The Presbyterian Cemetery

Anthony Charles Cazenove: an Influential Citizen, Swiss Consul, and Accompanier of Marque De Lafayette to George Washington’s Grave

Anthony Charles Cazenove (April 6, 1775 – October 16, 1852) was an illustrious figure with a distinguished life, leaving behind a legacy that earned him immense respect both in his homeland and abroad. His final resting place is Alexandria’s Presbyterian Cemetery.

Throughout his lifetime, Cazenove played significant roles in various arenas, earning a reputation as an accomplished individual. His influence extended beyond his native land, with other nations also holding him in high regard. Notably, the Swiss Federal Diet recognized his capabilities and selected him to represent the middle and southern states, a testament to his diplomatic skills and international standing.

One of Cazenove’s most extraordinary accomplishments was his involvement in an important historical event. In 1824, he had the privilege of accompanying the esteemed Marquis de Lafayette during the latter’s visit to the United States. As part of this visit, Cazenove was by Lafayette’s side when they paid their respects to George Washington’s burial site at Mount Vernon. This association with such prominent figures demonstrates the level of trust and respect Cazenove commanded within influential circles.

Overall, Anthony Charles Cazenove’s life was marked by impressive achievements, diplomatic prowess, and a lasting impact on those he encountered. His burial in Alexandria’s Presbyterian Cemetery is a testament to the profound admiration and reverence he garnered during his lifetime and beyond.

French Huguenot

The Cazenove family hailed from Nimes, France, and held a prominent position as wealthy noble French Huguenots. However, due to religious mistreatment, they made the difficult decision to relocate to Geneva, Switzerland, in the late 17th century, seeking refuge from persecution.

During the tumultuous era of the French Revolution, the male members of the Cazenove family encountered further hardships. They were arrested and imprisoned, enduring the harsh consequences faced by many Huguenots during this period. Fortunately, they were eventually released from captivity, although the ordeal left a lasting impact on the family.

Huguenots were a significant group of French Protestants who adhered to the religious teachings of John Calvin, a prominent French religious reformer. Calvinism, the religious system developed by Calvin, had a profound influence on the Huguenot community and eventually played a crucial role in the formation of denominations such as Congregationalism and Presbyterianism.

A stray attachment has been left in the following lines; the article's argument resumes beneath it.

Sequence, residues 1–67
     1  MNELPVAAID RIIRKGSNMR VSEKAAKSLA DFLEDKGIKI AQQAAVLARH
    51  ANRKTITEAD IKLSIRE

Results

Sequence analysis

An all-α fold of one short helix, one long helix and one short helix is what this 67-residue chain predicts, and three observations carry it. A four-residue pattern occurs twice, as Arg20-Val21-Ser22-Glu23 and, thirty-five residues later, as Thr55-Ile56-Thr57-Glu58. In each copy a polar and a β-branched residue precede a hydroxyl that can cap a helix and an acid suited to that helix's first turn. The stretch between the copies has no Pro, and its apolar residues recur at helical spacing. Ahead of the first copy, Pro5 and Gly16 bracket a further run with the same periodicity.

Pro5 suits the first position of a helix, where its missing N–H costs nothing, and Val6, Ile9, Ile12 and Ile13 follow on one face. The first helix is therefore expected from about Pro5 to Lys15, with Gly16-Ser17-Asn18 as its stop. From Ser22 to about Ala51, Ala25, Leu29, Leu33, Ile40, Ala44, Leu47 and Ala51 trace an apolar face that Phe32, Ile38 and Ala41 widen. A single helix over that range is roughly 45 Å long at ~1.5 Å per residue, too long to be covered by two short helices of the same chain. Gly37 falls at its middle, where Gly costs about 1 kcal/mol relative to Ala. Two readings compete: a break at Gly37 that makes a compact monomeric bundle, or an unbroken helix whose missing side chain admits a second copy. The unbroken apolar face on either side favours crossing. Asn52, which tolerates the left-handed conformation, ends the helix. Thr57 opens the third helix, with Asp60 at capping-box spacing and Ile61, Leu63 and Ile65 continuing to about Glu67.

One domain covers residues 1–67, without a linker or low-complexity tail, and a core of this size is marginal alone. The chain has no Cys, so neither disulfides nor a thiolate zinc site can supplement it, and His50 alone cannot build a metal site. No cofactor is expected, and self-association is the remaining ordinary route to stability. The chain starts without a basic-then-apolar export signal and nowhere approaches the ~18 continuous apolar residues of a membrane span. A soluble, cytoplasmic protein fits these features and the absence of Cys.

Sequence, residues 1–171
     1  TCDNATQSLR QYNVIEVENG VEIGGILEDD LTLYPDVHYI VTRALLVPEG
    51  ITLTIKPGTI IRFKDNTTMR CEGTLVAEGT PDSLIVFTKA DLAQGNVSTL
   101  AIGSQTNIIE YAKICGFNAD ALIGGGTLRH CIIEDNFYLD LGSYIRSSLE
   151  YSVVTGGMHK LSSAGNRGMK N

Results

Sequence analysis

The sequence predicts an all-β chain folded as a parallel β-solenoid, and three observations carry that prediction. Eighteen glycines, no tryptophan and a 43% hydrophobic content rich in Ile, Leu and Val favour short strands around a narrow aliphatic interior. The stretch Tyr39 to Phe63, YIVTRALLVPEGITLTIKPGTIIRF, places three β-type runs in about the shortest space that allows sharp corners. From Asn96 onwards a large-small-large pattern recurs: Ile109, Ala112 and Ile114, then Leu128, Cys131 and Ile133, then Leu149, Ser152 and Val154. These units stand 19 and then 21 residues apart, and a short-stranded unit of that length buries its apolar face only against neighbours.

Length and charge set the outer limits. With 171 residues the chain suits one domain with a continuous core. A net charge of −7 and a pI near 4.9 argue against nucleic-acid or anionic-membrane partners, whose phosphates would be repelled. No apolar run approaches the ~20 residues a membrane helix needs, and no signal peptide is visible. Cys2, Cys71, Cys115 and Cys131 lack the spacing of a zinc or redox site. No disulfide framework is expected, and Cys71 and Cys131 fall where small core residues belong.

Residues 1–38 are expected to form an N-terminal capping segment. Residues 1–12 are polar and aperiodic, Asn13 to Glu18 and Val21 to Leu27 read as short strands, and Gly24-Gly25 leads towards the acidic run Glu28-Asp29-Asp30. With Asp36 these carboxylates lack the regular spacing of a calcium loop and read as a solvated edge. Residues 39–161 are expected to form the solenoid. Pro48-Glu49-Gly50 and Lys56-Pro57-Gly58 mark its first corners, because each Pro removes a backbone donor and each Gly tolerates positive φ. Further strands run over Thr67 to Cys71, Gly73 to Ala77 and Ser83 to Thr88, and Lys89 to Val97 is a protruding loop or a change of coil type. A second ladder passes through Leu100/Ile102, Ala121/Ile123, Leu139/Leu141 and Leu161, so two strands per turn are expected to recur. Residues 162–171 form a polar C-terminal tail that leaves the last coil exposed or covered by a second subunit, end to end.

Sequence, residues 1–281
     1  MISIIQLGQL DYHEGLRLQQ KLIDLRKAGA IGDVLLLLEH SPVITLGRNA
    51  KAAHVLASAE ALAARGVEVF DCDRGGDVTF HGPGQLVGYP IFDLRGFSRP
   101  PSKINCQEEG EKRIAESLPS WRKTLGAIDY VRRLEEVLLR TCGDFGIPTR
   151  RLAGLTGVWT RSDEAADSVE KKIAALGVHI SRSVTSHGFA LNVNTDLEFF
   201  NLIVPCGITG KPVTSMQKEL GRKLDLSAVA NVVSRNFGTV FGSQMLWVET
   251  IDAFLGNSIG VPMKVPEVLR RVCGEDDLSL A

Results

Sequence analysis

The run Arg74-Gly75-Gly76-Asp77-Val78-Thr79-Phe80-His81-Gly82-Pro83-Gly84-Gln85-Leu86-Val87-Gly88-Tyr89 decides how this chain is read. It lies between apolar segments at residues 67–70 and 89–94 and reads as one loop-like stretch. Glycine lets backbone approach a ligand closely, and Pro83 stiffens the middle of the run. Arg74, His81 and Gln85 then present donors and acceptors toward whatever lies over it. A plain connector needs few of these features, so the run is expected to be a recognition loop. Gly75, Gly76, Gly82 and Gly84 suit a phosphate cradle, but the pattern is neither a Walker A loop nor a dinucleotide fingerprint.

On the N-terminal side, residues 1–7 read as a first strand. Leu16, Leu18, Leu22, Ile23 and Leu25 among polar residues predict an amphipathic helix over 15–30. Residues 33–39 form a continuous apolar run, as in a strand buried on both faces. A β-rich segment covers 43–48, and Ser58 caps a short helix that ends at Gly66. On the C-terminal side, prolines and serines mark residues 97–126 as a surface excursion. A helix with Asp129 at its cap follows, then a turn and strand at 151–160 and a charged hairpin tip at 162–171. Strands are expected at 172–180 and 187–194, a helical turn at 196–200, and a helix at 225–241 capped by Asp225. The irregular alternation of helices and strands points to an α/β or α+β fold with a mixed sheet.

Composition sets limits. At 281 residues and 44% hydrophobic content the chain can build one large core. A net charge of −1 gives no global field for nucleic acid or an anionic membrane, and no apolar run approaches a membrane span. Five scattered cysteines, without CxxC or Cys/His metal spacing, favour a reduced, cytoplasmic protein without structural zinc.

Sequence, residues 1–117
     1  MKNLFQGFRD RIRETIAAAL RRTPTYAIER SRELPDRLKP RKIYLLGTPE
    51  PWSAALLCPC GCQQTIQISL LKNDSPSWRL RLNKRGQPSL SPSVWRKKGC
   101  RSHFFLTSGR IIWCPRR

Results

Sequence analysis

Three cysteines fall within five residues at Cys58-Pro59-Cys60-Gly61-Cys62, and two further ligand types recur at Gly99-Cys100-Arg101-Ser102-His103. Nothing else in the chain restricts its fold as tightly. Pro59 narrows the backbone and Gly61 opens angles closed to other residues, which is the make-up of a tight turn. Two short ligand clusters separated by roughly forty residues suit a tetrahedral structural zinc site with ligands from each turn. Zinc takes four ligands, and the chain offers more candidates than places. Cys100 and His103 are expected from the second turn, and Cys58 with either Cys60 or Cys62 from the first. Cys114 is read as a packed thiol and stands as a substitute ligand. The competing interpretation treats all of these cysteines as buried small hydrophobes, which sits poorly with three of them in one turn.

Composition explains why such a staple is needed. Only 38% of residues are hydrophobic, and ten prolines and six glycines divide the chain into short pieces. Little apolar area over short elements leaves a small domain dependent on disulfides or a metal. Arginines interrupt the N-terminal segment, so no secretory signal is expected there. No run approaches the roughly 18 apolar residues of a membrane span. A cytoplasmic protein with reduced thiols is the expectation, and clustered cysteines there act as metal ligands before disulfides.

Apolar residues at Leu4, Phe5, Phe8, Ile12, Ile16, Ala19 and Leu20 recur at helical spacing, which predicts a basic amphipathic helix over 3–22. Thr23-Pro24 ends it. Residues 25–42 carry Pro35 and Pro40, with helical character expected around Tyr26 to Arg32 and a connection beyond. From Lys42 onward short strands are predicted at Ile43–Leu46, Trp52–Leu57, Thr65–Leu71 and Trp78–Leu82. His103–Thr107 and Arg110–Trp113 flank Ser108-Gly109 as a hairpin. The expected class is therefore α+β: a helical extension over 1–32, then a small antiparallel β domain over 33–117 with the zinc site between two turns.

Despite the challenges they encountered, the Cazenove family’s history is a testament to the resilience and determination of the Huguenot community as they sought to uphold their faith in the face of adversity. Their journey from Nimes to Geneva and the subsequent trials during the French Revolution are a testament to the enduring legacy of the Huguenots and their contributions to religious history.

Immigration to the United States

After being released from prison, Anthony Cazenove and his elder sibling were sent by their parents to Philadelphia, Pennsylvania, where they had relatives. They decided to venture into the glass industry and took charge of factory operations in Uniontown, Pennsylvania. However, Anthony’s path diverged as he made his way to Alexandria in 1799, where he would go on to play a pivotal role within the community. His older brother, on the other hand, returned to Geneva.

In the following year, 1800, Anthony secured a job with the renowned E.I. DuPont de Nemours & Company. His role involved actively distributing gunpowder throughout the Southern region of the United States. This position allowed him to establish valuable connections and gain experience in the field of commerce.

With time, Anthony Cazenove decided to embark on his entrepreneurial journey and founded his own company, aptly named A.C. Cazenove & Company. Simultaneously, he took on a directorial role for the Bank of Alexandria, further cementing his influence in the business and financial landscape of the region.

To support his growing business, Anthony strategically located his warehouses at 101 and 103 King Street in Alexandria. These warehouses served as crucial assets for his expanding commercial ventures. In a strategic move to expand his business operations, he acquired another warehouse located at 900 King Street from the estate of John Richter for the sum of $3050.00 in November 1813.

Through his various business ventures and leadership roles, Anthony Cazenove became an influential figure in Alexandria, leaving a lasting impact on the community’s economic development and trade. His journey from incarceration to becoming a prominent businessman and community leader showcases his determination and entrepreneurial spirit.

He got sick during a widespread yellow fever outbreak in Alexandria in 1803, but luckily, he got better. The outbreak caused the deaths of over 200 people in Alexandria, which resulted in the town having to close temporarily. The Alexandria Gazette published an advertisement listing the stores that would reopen once the outbreak of 1803 was over in Alexandria.

The announcement in the Alexandria Gazette on October 26, 1803, that stores were reopened after the Yellow Fever epidemic.